ASSU Senators argue for relevance

At its Nov. 13 meeting, the ASSU Undergraduate Senate discussed plans for improving the Senate’s transparency through a new website that will provide updates on Senate activities and a summary of the body’s duties.

The website was developed by Student Life Committee Chair Viraj Bindra ‘15, who predicted that it would be fully functional by the beginning of winter quarter. Bindra said his two main goals in updating the website were to make it easier to navigate and to centralize Senate documents and information. The website is scheduled to have meeting minutes, information about the Senate, current issues, funding processes and summaries of the ASSU Constitution and bylaws.

“The main aim is to fully commit and see through our promise of increased transparency by allowing the student body to see what any committee on Senate is working on at any given moment,” Bindra said.

Part of the discussion surrounding increased transparency was sparked by The Daily’s recent editorial encouraging the dissolution of the Senate. While most senators agreed with some of the frustrations expressed in the article, they also defended their work.

“I disagree with the statement that the Senate does not serve a purpose and that it should be dissolved,” Bindra said. “There are a lot of things that we are doing that have a lot of impact.”

Bindra referenced efforts by Senator Shahab Fadavi ‘15 to establish a need-blind financial aid policy for international students and his own work trying to get more practice space for student musicians as examples.

Though Bindra admitted that he was “bitter” when he first read the article, he encouraged senators to look at the article’s suggestions objectively and not read it as a personal attack.

“The article was looking at the Senate as an institution and not the people,” Bindra said. “There were some very relevant things in there.”

However, Senator Anna Brezhneva ‘15 took issue with the editorial’s statement that the Senate is not representative of the student body.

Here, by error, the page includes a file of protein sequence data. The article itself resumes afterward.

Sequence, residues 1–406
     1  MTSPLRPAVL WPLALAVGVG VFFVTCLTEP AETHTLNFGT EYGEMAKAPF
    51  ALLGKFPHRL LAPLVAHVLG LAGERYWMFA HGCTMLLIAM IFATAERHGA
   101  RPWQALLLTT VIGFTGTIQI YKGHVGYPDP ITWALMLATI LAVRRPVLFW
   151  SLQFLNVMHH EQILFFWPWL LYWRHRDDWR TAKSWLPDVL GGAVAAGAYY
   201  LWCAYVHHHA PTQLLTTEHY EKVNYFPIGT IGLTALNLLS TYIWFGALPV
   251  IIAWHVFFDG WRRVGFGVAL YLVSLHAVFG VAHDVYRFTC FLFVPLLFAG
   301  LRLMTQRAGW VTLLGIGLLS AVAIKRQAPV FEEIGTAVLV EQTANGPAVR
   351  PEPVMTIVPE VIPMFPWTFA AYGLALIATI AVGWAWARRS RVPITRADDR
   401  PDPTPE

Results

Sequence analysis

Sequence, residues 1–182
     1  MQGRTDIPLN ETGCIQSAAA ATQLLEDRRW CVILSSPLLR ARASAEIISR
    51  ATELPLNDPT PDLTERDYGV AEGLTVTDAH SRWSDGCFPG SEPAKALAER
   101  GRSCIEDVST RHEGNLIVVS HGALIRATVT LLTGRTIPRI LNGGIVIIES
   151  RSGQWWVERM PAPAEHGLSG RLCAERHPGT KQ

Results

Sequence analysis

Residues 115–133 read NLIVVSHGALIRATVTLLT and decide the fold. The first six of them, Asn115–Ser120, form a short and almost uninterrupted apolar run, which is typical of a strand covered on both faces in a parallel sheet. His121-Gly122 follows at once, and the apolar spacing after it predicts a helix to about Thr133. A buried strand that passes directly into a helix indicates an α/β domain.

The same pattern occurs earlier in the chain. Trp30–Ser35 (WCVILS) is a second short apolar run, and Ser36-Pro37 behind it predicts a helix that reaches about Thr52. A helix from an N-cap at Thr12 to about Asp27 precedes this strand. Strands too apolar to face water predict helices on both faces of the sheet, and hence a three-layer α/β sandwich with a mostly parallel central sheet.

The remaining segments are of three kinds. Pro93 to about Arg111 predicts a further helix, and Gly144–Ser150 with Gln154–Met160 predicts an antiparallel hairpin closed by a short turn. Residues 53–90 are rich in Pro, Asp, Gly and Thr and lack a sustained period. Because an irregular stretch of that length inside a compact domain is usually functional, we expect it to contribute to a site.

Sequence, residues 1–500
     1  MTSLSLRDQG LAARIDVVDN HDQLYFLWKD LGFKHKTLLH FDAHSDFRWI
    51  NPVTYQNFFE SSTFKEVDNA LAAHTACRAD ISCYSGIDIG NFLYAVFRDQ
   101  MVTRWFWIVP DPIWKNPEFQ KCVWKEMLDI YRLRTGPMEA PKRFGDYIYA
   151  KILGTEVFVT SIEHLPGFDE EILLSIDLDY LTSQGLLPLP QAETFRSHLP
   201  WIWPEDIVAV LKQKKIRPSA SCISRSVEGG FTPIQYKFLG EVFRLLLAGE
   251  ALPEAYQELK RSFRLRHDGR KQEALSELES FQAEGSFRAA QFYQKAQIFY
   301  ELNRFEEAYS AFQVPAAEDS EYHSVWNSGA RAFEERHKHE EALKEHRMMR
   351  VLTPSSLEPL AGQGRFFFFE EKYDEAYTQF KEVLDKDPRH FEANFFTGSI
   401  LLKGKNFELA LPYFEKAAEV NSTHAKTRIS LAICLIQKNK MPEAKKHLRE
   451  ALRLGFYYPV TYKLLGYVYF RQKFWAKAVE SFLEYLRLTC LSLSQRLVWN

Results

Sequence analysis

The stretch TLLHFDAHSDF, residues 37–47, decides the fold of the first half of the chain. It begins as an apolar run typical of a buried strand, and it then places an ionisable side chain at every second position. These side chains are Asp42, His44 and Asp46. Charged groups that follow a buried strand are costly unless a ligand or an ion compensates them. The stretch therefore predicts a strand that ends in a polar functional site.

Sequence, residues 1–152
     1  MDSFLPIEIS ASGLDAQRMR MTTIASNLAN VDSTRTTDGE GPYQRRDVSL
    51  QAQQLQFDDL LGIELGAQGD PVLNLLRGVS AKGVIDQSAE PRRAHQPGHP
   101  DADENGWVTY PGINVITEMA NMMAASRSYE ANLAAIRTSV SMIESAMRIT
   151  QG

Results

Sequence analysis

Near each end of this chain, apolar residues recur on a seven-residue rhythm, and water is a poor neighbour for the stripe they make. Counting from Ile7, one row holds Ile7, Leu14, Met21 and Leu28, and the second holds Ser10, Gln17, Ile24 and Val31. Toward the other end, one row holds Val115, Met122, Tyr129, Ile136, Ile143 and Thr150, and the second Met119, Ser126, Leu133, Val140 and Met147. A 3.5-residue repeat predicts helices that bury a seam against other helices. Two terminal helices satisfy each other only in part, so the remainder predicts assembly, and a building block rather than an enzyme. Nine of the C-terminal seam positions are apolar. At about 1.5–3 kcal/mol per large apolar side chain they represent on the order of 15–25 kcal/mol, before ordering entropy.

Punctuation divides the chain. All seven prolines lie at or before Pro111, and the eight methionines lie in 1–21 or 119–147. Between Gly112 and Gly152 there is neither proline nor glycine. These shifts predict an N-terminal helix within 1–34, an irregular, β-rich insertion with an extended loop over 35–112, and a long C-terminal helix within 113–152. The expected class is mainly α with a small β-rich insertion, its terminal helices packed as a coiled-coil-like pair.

“For how much 14 people can represent Stanford, we do a good job,” Brezhneva said. “There is a lot of diversity going on in this room.”

Appropriations Chair Nancy Pham ‘14 disagreed with the Editorial Board’s characterization of funding bills as “meaningless.”

“These bills are what fund almost everything that happens on campus,” Pham said. “It may seem boring and dry to look at applications over and over but it’s something that’s necessary and it’s an important part of what we do.”

Senator Janhavi Vartak ‘15, a member of the Appropriations Committee, said that while funding bills may seem “really dry” by the time they get to the general Senate meetings, the Appropriations Committee puts in a lot of effort getting them to that point.

“In appropriations we are looking at every dollar, every bill, every line. We are really thorough,” Vartak said, adding that appropriations meetings can “get intense.”

Vartak suggested that the Senate’s new website should include a list of the student groups that were granted funding at each week’s meeting so that students can see how the Senate is allocating money.

Pham said that the Appropriations Committee met with ASSU Assistant Financial Manager Stephen Trusheim ‘13 to discuss possible uses for the Senate’s buffer and reserve funds.

In particular, the committee is interested in creating a grant for general fees groups that would like to request more than $6,000, which is the current maximum. According to Pham, many groups that sponsor events that cost between $6,000 and $10,000 don’t apply for special fees because of the effort involved in campaigning. The new grant would allow these groups to obtain this funding from the reserve or buffer funds, which currently hold about $1.2 million.

“The money just accumulates in there. We want to use it in a way that benefits students, instead of letting it just lay there,” Pham said. “We thought this grant was a really good idea because it would hold anyone who is requesting this large amount of money accountable for an event that is supposed to promote undergraduate student life.”

The Senate also passed funding bills allocating $15,548 to student organizations from general fees and $30,637 in budget modifications for special fees groups, including two budget modifications for the Asian American Student Association that totaled $28,937.

About Justine Moore